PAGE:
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It is really hard to talk about "America's" attitude on this because different parts of "America" would have had very different attitudes. In general, though, the attitude was very anti-civil rights in the white South and fairly uninterested in the North about the issue.
By 1955, there had not been any of the protests that would later make this an important issue in the North. The South cared about it to some extent, as can be seen in the formation of the "Dixiecrats" who ran Strom Thurmond for president on a segregationist platform in 1948. This was done mainly in response to moves to integrate the armed forces. Again, however, this was not a salient issue in the North.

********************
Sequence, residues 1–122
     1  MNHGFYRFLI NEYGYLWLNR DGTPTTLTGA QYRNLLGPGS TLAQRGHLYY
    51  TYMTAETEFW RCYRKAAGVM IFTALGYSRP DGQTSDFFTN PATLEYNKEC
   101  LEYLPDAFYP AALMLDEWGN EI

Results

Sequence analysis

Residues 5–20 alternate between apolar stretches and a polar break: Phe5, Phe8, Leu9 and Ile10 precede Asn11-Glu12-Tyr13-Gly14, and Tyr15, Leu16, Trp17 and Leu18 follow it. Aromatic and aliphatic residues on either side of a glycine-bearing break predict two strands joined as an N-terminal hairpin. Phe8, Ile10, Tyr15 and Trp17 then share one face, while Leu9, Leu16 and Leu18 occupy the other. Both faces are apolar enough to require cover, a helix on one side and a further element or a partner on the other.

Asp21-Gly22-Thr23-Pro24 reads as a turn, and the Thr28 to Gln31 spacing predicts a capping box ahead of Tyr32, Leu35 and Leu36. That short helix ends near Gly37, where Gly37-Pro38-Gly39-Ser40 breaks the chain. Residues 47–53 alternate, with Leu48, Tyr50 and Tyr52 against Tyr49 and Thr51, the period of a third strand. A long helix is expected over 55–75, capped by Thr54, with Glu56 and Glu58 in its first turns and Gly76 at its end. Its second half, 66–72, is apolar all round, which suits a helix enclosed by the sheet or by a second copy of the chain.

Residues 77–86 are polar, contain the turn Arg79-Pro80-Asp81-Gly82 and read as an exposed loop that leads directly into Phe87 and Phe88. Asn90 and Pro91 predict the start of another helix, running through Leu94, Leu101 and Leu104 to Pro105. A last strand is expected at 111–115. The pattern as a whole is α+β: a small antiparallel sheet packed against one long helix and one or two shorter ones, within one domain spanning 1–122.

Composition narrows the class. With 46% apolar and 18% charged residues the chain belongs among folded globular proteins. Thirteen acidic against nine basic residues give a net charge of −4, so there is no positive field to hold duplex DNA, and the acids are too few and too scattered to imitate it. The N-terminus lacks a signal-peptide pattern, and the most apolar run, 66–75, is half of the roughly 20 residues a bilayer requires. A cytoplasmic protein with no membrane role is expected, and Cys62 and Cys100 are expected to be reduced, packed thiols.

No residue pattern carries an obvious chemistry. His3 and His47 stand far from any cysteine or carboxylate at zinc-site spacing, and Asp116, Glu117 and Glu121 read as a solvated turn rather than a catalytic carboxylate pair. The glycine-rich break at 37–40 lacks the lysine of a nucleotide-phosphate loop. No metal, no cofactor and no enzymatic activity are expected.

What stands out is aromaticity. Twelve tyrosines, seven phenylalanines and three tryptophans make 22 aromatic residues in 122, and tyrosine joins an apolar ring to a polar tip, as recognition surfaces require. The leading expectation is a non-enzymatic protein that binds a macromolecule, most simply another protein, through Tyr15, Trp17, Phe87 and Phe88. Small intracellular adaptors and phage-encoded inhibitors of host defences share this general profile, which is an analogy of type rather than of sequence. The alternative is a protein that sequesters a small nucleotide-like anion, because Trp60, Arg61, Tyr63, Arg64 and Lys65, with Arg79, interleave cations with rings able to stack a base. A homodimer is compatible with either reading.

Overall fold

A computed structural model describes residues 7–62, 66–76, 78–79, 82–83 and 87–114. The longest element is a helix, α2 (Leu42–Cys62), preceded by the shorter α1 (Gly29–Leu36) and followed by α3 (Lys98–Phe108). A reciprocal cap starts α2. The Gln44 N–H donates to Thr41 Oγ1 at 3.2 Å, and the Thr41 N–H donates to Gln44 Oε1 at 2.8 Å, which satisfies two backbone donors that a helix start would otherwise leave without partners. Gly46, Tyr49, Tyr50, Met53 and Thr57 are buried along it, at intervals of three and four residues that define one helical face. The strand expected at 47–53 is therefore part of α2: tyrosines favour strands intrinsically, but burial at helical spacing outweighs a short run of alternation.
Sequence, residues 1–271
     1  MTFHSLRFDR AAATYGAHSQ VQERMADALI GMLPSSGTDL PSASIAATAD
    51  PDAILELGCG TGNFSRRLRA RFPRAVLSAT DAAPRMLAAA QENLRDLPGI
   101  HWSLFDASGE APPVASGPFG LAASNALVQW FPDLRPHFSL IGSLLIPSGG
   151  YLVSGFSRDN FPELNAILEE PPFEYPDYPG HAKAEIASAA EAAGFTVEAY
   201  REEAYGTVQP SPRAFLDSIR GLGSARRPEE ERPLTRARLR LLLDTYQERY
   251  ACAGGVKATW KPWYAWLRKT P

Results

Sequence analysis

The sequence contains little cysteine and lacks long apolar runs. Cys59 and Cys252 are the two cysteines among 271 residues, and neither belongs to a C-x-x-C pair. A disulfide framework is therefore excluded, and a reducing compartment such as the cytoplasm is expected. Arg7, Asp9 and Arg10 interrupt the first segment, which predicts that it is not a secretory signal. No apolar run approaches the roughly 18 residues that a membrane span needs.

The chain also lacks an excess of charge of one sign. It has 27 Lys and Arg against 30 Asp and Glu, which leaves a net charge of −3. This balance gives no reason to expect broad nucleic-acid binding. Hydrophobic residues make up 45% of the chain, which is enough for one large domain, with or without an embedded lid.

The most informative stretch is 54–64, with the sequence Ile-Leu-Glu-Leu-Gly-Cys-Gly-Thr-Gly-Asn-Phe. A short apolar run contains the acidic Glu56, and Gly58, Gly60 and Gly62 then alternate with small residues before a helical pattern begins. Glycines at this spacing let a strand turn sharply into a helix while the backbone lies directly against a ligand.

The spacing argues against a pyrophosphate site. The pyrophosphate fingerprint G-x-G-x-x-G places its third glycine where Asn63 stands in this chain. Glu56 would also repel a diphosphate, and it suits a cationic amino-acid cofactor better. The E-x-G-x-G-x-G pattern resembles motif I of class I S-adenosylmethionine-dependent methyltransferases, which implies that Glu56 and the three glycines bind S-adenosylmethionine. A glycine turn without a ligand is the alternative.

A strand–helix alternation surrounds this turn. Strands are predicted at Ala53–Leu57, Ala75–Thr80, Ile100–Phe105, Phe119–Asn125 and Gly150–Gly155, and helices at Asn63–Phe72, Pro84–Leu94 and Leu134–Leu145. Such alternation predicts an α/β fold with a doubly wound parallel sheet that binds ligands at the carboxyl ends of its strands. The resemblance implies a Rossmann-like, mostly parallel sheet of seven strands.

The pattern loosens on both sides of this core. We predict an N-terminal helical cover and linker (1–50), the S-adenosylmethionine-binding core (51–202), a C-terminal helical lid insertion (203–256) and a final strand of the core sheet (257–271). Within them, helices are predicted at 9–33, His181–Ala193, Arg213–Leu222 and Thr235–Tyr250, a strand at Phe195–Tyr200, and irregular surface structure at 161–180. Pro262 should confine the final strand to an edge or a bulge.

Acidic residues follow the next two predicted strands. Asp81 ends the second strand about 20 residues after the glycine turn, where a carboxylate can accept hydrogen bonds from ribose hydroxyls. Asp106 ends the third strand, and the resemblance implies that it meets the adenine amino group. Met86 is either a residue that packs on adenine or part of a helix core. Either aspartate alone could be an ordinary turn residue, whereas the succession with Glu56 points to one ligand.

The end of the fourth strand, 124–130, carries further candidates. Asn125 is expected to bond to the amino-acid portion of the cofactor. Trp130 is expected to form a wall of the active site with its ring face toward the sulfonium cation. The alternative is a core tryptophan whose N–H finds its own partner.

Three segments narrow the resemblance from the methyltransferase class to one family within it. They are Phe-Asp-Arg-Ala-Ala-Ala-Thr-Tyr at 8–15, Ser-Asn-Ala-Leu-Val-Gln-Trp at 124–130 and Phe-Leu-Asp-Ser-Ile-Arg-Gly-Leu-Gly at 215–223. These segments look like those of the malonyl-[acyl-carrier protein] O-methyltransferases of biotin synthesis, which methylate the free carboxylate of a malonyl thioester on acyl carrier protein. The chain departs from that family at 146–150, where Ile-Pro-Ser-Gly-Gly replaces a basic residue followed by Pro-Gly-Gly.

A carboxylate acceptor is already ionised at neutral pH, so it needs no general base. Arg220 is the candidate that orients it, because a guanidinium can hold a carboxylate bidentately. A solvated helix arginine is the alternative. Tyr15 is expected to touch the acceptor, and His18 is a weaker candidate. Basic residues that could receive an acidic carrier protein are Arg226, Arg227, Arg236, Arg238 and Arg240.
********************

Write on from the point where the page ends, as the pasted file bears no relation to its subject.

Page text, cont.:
The Brown v. Board decision had been handed down in the 1954, and that caused opposition in the South, but no actual attempts had been made to integrate by 1955 and so that issue was still largely unimportant.
Overall, then, the attitude towards civil rights in the US was very negative in the South and generally uninterested in the North in 1955.
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